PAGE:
The first permeated fractions of the feed gas delivered from the first membrane modules 1a and 1b through flow lines 12a and 12b, respectively, are mixed with the additional first permeated fractions of the feed gas delivered from the additional first membrane modules 1aa and 1bb through the flow lines 19a and 19b, respectively, and the mixed first permeated fraction of the feed gas is directly fed into a second membrane module 2 through a flow line 12 without increasing the pressure thereof.

The mixed first permeated fraction of the feed gas is separated into a second permeated fraction and a second non-permeated fraction of the feed gas by the second membrane module 2. The second non-permeated fraction is fed into an additional second membrane module 2a through a flow line 21 and is separated into an additional second permeated fraction and an additional second non-permeated fraction thereof. The additional non-permeated fraction of the feed gas is discharged from the additional membrane module 2a through a flow line 22.

The second permeated fraction delivered from the second membrane module 2 through a flow line 13a is mixed with the additional second permeated fraction of the feed gas delivered from the additional membrane module 2a through a flow line 13b and the mixed second permeated fraction of the feed gas is fed into a third gas-separating polymeric membrane module 3 through a flow line 13. The gas-separating operation by the third membrane module 3 is carried out in the same manner as mentioned above.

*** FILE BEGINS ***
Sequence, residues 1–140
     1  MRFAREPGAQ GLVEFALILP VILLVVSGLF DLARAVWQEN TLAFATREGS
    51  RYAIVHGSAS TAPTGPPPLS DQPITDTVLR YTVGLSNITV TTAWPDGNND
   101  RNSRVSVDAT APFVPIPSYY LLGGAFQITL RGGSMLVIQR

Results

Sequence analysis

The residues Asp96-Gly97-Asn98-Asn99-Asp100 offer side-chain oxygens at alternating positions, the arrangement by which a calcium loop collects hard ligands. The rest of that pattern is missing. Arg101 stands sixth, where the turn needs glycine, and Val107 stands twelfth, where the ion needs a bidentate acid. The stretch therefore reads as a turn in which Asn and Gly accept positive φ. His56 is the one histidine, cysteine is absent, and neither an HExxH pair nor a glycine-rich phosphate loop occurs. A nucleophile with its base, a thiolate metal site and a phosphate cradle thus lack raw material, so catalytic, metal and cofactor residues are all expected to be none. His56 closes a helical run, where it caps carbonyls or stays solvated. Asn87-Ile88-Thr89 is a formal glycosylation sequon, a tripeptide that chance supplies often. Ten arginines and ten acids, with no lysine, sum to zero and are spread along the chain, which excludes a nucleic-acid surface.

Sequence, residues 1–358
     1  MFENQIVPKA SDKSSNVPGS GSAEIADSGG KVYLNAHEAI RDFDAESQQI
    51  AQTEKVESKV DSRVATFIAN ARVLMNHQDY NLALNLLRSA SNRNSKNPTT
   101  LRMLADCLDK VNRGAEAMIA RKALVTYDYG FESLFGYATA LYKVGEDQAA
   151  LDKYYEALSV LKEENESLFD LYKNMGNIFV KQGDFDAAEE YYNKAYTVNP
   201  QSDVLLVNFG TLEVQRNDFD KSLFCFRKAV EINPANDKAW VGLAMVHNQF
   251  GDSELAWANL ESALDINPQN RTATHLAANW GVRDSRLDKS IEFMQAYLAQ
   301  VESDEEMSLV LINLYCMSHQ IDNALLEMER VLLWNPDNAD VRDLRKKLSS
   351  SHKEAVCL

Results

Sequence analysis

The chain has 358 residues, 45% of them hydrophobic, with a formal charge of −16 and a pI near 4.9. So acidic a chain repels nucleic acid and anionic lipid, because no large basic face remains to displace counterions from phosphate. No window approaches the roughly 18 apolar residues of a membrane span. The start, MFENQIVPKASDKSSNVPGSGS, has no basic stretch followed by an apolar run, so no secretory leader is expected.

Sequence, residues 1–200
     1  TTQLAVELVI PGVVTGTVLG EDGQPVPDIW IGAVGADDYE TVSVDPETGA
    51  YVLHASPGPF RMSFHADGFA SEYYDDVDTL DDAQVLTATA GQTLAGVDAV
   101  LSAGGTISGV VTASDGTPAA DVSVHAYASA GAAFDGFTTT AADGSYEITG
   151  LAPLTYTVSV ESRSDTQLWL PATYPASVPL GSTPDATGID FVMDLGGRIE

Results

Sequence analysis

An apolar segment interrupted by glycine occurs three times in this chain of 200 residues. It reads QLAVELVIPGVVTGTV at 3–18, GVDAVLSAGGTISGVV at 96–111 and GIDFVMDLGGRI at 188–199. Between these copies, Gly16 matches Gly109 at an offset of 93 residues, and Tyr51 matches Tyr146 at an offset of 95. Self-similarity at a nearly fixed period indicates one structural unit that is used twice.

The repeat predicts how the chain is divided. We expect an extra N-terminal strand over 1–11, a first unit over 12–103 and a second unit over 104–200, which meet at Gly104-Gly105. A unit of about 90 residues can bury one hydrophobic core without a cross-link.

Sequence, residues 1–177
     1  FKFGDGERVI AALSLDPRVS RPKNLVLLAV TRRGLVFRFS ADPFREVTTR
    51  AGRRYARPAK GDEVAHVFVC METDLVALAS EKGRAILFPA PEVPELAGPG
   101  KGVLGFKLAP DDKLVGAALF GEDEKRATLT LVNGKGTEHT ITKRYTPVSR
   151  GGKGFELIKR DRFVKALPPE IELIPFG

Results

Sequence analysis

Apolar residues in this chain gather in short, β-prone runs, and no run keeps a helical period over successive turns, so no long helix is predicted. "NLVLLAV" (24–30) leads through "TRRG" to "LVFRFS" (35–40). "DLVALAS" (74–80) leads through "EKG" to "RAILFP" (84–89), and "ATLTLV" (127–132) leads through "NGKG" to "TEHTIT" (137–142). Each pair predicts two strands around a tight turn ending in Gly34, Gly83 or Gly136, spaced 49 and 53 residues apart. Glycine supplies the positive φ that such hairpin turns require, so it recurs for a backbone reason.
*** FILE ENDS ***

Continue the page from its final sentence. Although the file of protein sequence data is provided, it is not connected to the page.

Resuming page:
The additional first and second membrane modules 1aa, 1bb and 2a effectively recover the light gas (hydrogen or helium) from the non-permeated fractions of the feed gas.

In the gas-separating method shown in FIG. 5, a feed gas is purified successively by first to fourth gas-separating operations. The second operation is carried out by using two gas-separating polymeric membrane modules arranged in series.

Referring to FIG. 5, a feed gas supplied through a feed line 11 is permeated through a first membrane module 1. A non-permeated fraction of the feed gas is discharged through a valve V and a discharge line 15. A first permeated fraction is fed to a second membrane module 2 through a flow line 12, and the resultant second permeated fraction of the feed gas is collected as a purified light gas through a flow line 23.

The resultant second non-permeated fraction of the feed gas is fed to an additional second membrane module 2a through a flow line 24, and the resultant additional second permeated fraction of the feed gas is collected as a purified light gas through a flow line 25. The resultant additional second non-permeated fraction of the feed gas is fed to a third membrane module 3 through a flow line 26, the resultant third non-permeated fraction of the feed gas is discharged through a flow line 28, and the resultant third permeated fraction of the feed gas is fed to a fourth membrane module 4 through a flow line 27.